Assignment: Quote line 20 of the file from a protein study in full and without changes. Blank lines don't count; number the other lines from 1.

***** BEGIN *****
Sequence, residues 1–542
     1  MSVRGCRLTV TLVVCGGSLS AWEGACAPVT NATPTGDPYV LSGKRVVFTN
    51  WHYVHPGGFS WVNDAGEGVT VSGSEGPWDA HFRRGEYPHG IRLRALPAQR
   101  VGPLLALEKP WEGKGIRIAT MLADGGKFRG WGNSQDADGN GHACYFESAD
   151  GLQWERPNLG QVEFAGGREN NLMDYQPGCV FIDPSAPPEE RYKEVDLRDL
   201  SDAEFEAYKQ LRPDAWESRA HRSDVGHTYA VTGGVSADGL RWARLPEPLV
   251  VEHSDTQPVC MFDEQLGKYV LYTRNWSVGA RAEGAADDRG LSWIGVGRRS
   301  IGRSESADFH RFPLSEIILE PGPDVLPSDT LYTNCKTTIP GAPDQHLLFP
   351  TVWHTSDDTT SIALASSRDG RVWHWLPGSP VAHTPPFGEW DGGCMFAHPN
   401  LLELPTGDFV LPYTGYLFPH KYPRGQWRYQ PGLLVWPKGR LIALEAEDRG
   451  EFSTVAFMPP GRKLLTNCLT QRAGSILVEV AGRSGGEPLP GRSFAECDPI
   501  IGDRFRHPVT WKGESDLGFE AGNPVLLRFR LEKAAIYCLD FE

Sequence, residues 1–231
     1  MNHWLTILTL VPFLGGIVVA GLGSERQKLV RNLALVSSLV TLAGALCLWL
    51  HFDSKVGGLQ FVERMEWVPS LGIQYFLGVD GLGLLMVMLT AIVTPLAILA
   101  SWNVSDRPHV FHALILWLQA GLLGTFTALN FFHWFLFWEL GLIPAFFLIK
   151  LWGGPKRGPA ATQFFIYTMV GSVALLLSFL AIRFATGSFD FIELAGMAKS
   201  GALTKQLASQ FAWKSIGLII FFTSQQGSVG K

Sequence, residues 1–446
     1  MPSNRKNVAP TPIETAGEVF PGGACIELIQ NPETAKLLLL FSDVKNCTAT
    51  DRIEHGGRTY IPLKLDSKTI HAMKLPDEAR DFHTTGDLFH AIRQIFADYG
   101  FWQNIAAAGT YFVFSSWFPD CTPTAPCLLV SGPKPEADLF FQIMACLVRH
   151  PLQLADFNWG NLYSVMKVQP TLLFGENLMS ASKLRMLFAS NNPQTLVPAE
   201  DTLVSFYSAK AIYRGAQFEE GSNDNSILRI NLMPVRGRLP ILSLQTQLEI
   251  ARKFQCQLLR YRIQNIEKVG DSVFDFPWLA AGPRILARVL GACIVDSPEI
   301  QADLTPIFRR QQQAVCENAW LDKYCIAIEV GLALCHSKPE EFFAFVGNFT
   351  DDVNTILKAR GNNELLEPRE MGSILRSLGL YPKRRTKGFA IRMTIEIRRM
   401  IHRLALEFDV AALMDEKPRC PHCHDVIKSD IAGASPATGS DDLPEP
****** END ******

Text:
     1  MPSNRKNVAP TPIETAGEVF PGGACIELIQ NPETAKLLLL FSDVKNCTAT